New York

“Visions of Liberty”

New-York Historical Society

Photography, or at least the mass-produced, mass-distributed halftone, has taken over many of the memorializing functions performed in earlier times by monumental sculpture—not destroying the aura of such public icons, as Walter Benjamin proposed, but replacing it with its own smudgy aura. This complicity between news photos and monuments has led to some curious chimeras that compound the two. The most obvious example is the Iwo Jima memorial in Washington, D.C., showing a group of marines raising the flag on Mt. Suribachi; this work is based on Joe Rosenthal’s heroically posed news photo, but any number of other news photos could easily be imagined transformed into bronze or marble. The reverse is also true: well-known public monuments provide particularly apt subjects for photographs. Lee Friedlander’s ironic juxtapositions of everyday banality and heroic statuary in The American Monument (1975) are the fullest expression of this in recent photography; Eugène Atget’s work provides an apt earlier example.

Understandably, given its location, this show of photographs of the Statue of Liberty did not try to examine the links between photography and sculpture, but instead traced the statue’s career as a public icon. A first section covered the years of its construction after being proposed by Frédéric Auguste Bartholdi as a gift in honor of the American Centennial of 1876. The photographs here—by many photographers, some anonymous—suggest that people of the time were as fascinated by the way the statue was being built (by Gustave Eiffel) as by the figure itself. These images, of workmen clambering among scaffolds over the flowing robes and monumental features of Liberty, emphasize that the statue is a Victorian blend of noble sentiment and the monumentality that industrial technology exults in.

By the turn of the century, though, the statue had been thoroughly denatured and had become the icon it was intended to be. The second section here, of photographs by Augustus Sherman, a little-known clerk at Ellis Island, suggests the patriotic mythology fostered to integrate immigrants into American society. Located only a few hundred yards from Ellis Island, the statue took on a central role in this process. But the solemn, determined immigrants in Sherman’s photographs seem very different from the “huddled masses” of Emma Lazarus’ poem, inscribed on the base of the statue in 1903.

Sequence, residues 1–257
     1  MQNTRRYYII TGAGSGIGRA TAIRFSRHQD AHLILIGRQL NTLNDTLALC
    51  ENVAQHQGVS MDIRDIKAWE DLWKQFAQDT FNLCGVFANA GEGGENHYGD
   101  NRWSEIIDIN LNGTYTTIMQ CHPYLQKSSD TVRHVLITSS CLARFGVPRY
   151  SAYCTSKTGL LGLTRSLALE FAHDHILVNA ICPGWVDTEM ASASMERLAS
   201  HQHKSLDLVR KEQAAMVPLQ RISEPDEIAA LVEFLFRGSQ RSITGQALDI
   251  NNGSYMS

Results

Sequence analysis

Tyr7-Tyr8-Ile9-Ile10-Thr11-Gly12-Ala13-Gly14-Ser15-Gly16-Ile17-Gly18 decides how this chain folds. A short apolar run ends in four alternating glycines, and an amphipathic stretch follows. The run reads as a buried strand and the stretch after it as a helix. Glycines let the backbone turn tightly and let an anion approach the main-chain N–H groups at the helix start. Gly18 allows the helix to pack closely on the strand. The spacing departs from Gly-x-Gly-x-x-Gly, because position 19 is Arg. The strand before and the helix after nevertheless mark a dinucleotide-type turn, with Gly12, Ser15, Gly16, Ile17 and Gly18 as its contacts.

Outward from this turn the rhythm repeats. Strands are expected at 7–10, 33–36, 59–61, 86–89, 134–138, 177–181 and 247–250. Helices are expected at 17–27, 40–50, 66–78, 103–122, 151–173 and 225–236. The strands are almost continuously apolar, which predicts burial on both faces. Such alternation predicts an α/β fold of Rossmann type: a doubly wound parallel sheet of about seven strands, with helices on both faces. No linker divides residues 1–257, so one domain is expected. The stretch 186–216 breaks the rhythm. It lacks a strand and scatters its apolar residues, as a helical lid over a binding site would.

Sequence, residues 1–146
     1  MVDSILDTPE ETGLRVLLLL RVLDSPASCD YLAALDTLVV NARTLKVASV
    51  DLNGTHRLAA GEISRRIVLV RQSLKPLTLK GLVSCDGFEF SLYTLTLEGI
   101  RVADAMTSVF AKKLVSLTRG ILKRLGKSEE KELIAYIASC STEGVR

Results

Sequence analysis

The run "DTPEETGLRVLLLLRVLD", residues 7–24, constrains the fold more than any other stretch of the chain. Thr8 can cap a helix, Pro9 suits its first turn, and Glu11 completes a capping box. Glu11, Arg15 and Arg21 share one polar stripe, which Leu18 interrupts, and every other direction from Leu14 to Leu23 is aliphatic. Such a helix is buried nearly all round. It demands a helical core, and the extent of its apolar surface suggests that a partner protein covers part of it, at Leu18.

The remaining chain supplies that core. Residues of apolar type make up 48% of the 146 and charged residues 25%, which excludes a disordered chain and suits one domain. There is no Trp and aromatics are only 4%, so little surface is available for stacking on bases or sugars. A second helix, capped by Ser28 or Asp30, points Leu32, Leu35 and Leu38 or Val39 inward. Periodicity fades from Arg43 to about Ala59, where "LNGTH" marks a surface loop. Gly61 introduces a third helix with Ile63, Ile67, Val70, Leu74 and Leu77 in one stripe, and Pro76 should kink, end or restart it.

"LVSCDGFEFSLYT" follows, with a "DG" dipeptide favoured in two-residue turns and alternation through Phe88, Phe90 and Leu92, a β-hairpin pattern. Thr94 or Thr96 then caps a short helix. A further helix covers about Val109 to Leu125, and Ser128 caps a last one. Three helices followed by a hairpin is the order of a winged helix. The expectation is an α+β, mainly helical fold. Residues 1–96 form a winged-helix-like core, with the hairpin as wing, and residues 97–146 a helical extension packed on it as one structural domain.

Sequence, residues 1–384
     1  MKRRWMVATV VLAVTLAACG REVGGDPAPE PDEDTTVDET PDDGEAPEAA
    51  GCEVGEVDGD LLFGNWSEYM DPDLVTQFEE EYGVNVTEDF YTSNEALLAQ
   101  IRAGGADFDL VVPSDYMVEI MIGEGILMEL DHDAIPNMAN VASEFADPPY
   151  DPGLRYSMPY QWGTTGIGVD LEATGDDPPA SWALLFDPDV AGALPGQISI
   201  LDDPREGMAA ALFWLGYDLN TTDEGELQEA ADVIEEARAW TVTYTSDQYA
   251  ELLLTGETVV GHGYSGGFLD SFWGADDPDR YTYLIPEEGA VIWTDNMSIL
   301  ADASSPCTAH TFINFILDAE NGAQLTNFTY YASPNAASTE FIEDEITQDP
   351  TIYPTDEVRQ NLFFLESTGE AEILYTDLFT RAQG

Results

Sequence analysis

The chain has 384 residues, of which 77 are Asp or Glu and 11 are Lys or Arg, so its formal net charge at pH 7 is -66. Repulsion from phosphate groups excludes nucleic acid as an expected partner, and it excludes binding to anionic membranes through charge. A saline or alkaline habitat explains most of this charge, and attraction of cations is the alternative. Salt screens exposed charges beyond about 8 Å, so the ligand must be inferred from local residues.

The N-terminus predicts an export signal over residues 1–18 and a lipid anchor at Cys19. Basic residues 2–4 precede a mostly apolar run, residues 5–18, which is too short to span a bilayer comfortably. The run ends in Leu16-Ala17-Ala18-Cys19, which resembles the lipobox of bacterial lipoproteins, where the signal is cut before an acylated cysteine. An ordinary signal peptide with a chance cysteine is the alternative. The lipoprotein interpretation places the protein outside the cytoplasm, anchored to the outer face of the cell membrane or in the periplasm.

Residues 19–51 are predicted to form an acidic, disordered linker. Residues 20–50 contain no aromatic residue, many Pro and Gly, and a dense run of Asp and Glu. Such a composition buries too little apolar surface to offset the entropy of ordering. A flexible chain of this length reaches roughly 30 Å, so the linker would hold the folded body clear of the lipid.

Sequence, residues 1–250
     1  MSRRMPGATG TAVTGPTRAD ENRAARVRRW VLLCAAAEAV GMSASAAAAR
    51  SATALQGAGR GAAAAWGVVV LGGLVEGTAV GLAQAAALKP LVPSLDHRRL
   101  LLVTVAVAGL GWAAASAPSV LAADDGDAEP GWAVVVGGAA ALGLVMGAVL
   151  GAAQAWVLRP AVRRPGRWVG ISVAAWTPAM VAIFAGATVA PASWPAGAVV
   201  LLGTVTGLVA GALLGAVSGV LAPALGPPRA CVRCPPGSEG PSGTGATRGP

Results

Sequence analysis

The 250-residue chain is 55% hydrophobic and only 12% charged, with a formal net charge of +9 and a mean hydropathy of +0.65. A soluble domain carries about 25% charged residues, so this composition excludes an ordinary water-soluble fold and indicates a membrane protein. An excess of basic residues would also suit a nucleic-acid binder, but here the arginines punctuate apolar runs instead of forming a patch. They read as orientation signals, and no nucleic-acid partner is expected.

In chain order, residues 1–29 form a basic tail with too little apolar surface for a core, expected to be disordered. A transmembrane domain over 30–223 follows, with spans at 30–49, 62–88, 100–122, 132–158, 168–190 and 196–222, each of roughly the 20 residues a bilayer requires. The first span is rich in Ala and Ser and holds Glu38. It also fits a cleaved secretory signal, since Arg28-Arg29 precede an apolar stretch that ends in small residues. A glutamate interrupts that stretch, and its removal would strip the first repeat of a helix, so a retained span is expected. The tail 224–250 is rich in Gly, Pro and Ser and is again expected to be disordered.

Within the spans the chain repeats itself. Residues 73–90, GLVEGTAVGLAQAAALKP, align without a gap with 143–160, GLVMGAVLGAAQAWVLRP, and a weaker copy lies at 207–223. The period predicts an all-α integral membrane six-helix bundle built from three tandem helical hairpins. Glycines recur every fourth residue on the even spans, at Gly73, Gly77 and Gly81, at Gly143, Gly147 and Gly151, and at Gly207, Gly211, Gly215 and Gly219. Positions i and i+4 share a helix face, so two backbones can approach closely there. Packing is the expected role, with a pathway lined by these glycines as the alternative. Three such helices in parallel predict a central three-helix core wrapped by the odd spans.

Now, of course, the statue is thoroughly enshrined as an icon, and the third part of the show offered a variety of treatments of it by both news photographers and art photographers. Margaret Bourke-White, among others, emphasized its monumentality, by photographing up its skirts on its 50th anniversary, in 1936. In 1969 Bruce Davidson used it to counterpoint a New Jersey junkyard. Few of the photographers in this section are able to pierce the statue’s aura; instead their work—even that which tries to debunk it, like Friedlander’s photograph of a miniature Liberty in Wichita, Kansas, 1975—serves only to reinforce its status as icon. But Ruth Thorne-Thompson, in a 1978 photograph from her “Expedition Series,” takes a different tack. In this work cardboard cutouts of a man and the face of Liberty, from an anonymous photograph included elsewhere in the show, are made to seem monumental by being photographed in closeup, with a pinhole camera. Here the reference is not to the statue itself but to the earlier photograph; Thorne-Thompson revs up the icon machine another notch, and in so doing removes the image even further from its function as social symbol—while underlining its function as art-photography icon.

—Charles Hagen